Imagine you’re a poor, helpless planet orbiting a normal yellow dwarf star, a star not so dissimilar to our own Sun. But that star keeps drawing you closer and closer… and closer. You know this could end badly for you, but you cannot resist. Soon, it’s too late. Like the monster from Stephen King’s It, the star is going to eat you alive.
Such is the fate of WASP 12b, an exoplanet discovered in 2008 by the SuperWASP planetary transit survey. Wasp 12b is a carbon rich planet, with an atmosphere of mostly methane and carbon monoxide, and astronomers suspect the planet’s core might be made of graphite and diamond.
You could describe WASP 12b as a hot Jupiter, a gas giant that’s strayed perilously close to its parent star. WASP 12b is also sometimes referred to as a chthonian planet, though in my opinion that seems a bit premature. The planet appears to be in its final death throes, so to speak, but it’s not quite dead yet.
In 2010, observations by the Hubble Space Telescope revealed that the planet’s atmosphere is being stripped away, with streams of matter falling toward the star to be “consumed.” Eventually all that will remain of WASP 12b is its core. At that point, I think the term chthonian planet will be appropriate.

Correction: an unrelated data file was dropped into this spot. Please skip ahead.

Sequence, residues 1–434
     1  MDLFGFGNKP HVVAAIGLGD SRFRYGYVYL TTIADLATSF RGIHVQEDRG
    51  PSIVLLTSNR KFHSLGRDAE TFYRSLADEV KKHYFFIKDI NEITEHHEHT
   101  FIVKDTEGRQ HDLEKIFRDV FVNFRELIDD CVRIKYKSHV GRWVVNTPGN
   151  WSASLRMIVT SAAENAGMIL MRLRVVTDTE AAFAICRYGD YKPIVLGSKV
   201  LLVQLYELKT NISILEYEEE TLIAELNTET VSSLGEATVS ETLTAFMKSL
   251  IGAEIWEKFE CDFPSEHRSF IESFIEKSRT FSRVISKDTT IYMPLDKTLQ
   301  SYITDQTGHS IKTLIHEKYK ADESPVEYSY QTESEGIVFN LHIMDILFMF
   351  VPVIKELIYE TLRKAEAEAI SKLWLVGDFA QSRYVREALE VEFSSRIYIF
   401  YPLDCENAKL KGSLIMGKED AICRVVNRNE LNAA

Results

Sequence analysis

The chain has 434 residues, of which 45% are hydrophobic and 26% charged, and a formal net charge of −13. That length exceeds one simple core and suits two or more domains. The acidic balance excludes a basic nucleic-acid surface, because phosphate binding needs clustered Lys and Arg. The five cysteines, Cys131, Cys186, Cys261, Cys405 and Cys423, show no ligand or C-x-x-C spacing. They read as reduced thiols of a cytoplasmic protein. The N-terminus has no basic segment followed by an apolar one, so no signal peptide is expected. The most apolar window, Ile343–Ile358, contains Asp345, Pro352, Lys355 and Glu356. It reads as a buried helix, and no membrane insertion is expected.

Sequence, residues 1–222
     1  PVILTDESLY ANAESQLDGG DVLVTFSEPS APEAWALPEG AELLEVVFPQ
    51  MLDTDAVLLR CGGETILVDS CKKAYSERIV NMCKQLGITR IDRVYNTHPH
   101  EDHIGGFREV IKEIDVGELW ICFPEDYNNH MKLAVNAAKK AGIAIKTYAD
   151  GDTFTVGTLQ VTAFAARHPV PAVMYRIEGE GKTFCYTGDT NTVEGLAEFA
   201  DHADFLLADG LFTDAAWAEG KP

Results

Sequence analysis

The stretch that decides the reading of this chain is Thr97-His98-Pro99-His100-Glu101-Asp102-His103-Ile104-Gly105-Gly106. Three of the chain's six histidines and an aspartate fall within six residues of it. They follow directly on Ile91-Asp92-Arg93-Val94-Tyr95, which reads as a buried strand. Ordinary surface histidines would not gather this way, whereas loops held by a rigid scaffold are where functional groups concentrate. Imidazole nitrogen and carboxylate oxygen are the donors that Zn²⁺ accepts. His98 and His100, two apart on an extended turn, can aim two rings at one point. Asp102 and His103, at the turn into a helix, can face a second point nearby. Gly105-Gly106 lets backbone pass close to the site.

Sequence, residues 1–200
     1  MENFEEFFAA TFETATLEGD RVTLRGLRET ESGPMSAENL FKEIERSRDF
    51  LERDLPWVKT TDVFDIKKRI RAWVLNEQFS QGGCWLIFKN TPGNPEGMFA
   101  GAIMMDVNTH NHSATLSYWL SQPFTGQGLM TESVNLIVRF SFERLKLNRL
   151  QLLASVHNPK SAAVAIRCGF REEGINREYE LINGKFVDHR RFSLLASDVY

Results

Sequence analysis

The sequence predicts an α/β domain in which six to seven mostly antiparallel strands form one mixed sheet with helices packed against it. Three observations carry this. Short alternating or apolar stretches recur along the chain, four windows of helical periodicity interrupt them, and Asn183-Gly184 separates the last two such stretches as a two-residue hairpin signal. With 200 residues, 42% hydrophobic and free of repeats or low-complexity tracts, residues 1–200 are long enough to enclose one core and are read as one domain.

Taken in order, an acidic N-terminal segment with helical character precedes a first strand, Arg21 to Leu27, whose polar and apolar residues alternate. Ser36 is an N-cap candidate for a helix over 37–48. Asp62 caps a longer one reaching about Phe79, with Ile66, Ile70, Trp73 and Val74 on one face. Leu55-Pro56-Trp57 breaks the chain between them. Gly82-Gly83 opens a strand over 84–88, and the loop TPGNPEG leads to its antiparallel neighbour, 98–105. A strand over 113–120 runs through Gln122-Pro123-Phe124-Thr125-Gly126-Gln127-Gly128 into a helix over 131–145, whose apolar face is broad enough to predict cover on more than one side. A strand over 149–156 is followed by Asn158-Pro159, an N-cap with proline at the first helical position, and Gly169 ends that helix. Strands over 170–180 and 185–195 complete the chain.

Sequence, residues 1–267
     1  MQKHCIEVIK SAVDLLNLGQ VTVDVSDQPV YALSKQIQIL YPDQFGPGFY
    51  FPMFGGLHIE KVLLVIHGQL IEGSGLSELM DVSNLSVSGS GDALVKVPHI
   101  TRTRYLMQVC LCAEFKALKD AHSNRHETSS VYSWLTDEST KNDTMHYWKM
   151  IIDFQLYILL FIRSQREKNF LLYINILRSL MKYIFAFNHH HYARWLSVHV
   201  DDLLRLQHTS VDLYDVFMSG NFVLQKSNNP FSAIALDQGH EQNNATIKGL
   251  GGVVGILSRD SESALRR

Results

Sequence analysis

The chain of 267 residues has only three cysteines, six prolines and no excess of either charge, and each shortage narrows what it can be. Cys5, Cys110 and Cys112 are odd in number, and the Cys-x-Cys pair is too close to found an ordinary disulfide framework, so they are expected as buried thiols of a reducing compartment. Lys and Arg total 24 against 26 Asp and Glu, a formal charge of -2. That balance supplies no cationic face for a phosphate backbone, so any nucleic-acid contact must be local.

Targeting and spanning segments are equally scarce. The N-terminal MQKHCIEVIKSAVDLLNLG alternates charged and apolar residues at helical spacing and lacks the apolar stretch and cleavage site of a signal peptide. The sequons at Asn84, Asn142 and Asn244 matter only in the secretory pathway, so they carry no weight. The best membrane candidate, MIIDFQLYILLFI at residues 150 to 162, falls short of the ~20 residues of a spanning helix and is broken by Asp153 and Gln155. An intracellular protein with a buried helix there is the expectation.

That is assuming, of course, that anything will remain at all. Given how violently WASP 12b is being destroyed, it’s possible even that diamond core will be ripped apart and devoured. According to current estimates, we’ll have to wait about 10 million years to find out—a surprisingly short period of time in the cosmic scheme of things.
P.S.: To my surprise, WASP 12b has started making headlines just in the last few days. Astronomers recently determined the planet is incredibly dark in color, almost pitch black. That seemed strange to me at first, but I guess if you’re going to have a planet with that much carbon, the dark coloration kind of makes sense.